Arctic Update Mid–June

Thank God there are still simple matters in life where you don’t have to wonder or ponder about what actor did what to whom. And the abrupt disappearance of ice in the Arctic is just such a matter: No one did squat to stop it, and that’s why it’s going away.

Take the 5-year average for sea ice as an example: Does it display a downward trend? And is that trend rather steep & aggressive? The correct answer to both of these questions is Yes, indeed. On the 21st of May, the average went below 13.7 k km³ for the first time on record (1979-2020), meaning the average of every single day for the past 5 years is lower than the average of any other 5-yr period on record.

Another way of saying that is where we are now is the lowest we’ve ever been. Of course in terms of a 5-yr average for sea ice volume. That gives us the long–term perspective, but of course there are other ways of looking at the Arctic. In fact there are plenty of ways.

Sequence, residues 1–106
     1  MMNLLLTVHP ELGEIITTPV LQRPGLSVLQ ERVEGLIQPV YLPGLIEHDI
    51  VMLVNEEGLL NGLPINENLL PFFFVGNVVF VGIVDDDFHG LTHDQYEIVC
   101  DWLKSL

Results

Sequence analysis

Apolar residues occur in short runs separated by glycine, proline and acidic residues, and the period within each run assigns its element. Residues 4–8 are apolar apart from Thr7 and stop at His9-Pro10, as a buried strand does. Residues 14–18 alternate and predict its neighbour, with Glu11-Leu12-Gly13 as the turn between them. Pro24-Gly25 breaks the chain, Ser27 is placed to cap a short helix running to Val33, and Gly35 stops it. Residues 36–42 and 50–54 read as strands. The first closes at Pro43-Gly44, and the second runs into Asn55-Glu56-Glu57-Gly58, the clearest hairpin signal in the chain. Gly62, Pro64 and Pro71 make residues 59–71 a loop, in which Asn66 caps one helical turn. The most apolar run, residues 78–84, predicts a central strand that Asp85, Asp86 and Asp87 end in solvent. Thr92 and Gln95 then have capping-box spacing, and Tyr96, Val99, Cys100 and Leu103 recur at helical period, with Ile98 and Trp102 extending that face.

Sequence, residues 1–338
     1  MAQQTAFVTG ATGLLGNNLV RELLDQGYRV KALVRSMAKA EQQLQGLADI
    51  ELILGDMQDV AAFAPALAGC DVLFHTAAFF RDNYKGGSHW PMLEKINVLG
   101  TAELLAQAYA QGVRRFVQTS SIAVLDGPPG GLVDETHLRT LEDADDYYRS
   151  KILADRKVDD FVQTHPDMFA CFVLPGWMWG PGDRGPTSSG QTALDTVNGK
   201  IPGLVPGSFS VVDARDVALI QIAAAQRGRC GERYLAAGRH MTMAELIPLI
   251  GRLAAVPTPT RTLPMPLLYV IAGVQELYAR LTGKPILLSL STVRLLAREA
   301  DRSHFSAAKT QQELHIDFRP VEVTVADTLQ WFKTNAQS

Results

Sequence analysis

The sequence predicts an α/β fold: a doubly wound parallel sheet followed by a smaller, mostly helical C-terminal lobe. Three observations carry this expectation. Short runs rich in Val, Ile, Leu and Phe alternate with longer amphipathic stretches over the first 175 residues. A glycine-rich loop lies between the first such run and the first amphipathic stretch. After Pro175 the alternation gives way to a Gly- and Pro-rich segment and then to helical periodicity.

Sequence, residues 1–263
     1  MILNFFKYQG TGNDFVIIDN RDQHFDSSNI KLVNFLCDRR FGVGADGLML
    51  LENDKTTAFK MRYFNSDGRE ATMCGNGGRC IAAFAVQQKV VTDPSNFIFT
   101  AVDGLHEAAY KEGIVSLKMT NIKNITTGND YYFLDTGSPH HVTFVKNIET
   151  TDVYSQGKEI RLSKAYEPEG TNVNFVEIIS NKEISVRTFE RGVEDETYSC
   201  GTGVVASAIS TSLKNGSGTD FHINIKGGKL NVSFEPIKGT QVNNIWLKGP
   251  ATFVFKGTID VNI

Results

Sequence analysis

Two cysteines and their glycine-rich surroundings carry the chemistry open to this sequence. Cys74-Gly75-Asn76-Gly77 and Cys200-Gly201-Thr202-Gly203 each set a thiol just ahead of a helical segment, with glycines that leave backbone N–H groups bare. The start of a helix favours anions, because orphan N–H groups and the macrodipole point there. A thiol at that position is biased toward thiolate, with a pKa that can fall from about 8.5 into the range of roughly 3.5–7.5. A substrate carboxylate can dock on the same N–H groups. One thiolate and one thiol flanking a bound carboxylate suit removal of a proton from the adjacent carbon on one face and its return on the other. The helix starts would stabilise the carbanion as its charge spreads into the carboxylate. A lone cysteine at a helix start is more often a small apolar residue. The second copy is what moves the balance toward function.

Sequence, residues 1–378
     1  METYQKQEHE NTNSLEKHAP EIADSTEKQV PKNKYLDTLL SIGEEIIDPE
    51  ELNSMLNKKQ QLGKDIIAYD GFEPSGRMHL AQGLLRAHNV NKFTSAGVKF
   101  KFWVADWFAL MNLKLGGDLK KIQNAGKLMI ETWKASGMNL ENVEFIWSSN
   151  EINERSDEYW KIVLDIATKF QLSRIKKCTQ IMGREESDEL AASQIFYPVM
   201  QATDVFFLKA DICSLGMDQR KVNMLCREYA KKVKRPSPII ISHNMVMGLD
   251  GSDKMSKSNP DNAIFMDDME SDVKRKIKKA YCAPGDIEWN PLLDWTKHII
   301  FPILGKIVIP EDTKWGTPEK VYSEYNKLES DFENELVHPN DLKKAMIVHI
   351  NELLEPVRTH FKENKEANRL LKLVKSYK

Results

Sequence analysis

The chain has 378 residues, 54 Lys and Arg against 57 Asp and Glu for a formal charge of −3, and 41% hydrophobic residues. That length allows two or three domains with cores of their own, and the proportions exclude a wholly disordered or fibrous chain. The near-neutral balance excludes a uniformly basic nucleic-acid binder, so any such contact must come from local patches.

In the short–term, there’s the annual or one–year average volume, where we remember that 2019 was the 2nd lowest of all. The lowest year, first proclaimed by this blog’s predecessor, was of course 2017. That year is still the only one on record to average below 13 k km³.

Many people and even some ‘experts’ still believe 2012 was the lowest year, but it was beaten by 2017, and now even 2019 is lower:

Annual sea ice volume graph from PIOMAS at Uni–Washington.

One of the many reasons people still believe 2012 is lowest, is that unlike temperature, which is always referred to in annual averages, sea ice tends to be measured by one day only, usually a September day. In a way, that would be like measuring the entire year’s planetary temperature by One day that you choose and for One spot that you also choose, you know, like that One day in June back in 5th grade when it snowed in Southern Norway. Is it representative for the entire planet, and the entire year? Of course not, it’s the kind of trick a climate–denier would play.